Luzerne County 911 Executive Director Fred Rosencrans pointed to televisions to convey the need to upgrade from an analog to digital emergency radio system.
Speaking at a recent county council work session, Rosencrans surmised nobody in the room still uses a 20-year-old television.
“If you wouldn’t keep a 20-year-old television, why would you keep a 20-year-old analog radio system for public safety where it’s critical?” Rosencrans asked.
The proposed communication system overhaul will cost an estimated $19.26 million.
A consultant has said the switch to digital system is crucial because the radio transmitters and receivers that allow emergency responders to exchange messages will become obsolete in 2020.
Rosencrans furnished a 2012 letter alerting the county that support for the county’s analog system will end Dec. 31, 2020.
The system won’t automatically shut down on that date, but replacement parts have become increasingly difficult to find because the county’s current system is no longer manufactured, he said.
A pressing concern is the county’s inability to manage users of the analog system, he said.
“You could go out and buy a radio tomorrow, add it to our system and cause interference, and I can’t track it,” Rosencrans said.
He told council the Federal Communications Commission is actively investigating his report of a recent unauthorized interception.
A digital system could be locked down, allowing access only if 911 staff programs the radios, he said. The technology also would alleviate the burden on his staff because the radios could be programmed “over the air” in less time, he said.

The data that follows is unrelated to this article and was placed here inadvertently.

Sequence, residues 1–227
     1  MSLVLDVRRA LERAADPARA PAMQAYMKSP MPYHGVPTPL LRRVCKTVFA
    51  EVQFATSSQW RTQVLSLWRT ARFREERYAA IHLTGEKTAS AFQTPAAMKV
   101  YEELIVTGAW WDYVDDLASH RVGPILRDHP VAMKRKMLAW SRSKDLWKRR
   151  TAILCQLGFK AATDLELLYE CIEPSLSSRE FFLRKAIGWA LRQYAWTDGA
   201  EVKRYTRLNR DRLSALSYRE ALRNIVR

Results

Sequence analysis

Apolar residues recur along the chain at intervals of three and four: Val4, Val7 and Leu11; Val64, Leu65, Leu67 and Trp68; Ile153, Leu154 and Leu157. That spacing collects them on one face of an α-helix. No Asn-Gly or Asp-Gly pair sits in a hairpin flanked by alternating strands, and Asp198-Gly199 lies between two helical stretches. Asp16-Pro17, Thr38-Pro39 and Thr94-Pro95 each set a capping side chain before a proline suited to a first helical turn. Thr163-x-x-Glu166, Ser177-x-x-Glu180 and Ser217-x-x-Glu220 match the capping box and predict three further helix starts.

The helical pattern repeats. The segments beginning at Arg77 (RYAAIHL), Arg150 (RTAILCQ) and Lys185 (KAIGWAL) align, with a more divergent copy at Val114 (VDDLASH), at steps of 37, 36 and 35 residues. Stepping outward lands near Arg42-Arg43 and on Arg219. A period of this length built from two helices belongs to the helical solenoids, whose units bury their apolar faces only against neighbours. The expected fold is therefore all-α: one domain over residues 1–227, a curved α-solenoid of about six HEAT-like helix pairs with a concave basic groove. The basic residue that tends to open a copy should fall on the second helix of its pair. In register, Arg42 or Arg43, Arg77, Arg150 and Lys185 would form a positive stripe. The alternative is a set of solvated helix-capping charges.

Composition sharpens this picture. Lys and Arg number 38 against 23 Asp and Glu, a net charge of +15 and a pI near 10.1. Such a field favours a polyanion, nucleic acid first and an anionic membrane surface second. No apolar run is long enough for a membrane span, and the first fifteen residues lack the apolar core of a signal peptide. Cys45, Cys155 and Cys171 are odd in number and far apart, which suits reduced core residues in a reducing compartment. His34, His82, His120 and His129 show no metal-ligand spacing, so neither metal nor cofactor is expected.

County officials have said borrowing may be necessary to fund some or all of the project because it is highly unlikely any state funding will help pay for the switch.
Councilman Harry Haas asked if any funding has been identified.
Rosencrans said the administration was recently denied a requested $10 million state grant, which had a $5 million county match, and there are “really no avenues” for funding this type of project.
Municipalities can help offset the county cost because they can seek gaming grants or other awards not available to the county, he said.
Police and emergency responders throughout the county would need to change their portable and mobile radio equipment so it is compatible with the new county system, county officials have said. Municipalities typically have covered the cost of radio communication equipment used by local law enforcement and emergency services, while county officials fund overall upgrades, officials have said.
County Manager C. David Pedri said the county has some outstanding bonds that could be refinanced this year and in 2019, possibly generating savings earmarked for the 911 project.
The administration will “leave no stone unturned” and present options, Pedri said.
“This council won’t have a gun to its head to make some decisions, but it is something that has to be looked at,” Pedri said.
Due to the the complexity of the system and quantity of users, a funding plan should be identified in six months, Rosencrans said. If the project commenced now, the county would have difficulty meeting the 2020 deadline.
Radio upgrades are the “last piece” of the system that must be addressed, he said. The county’s 911 system will mark its 20th anniversary in June.
Rosencrans also discussed staffing, saying council’s 2016 decision to increase the starting salary of 911 telecommunicators from $25,500 to $32,000 has yielded results.
The center received 400 applications for 12 vacant positions, including 20 prospective hires with emergency management experience, he said.
“It’s a total 180 from what I was facing four years ago,” Rosencrans said.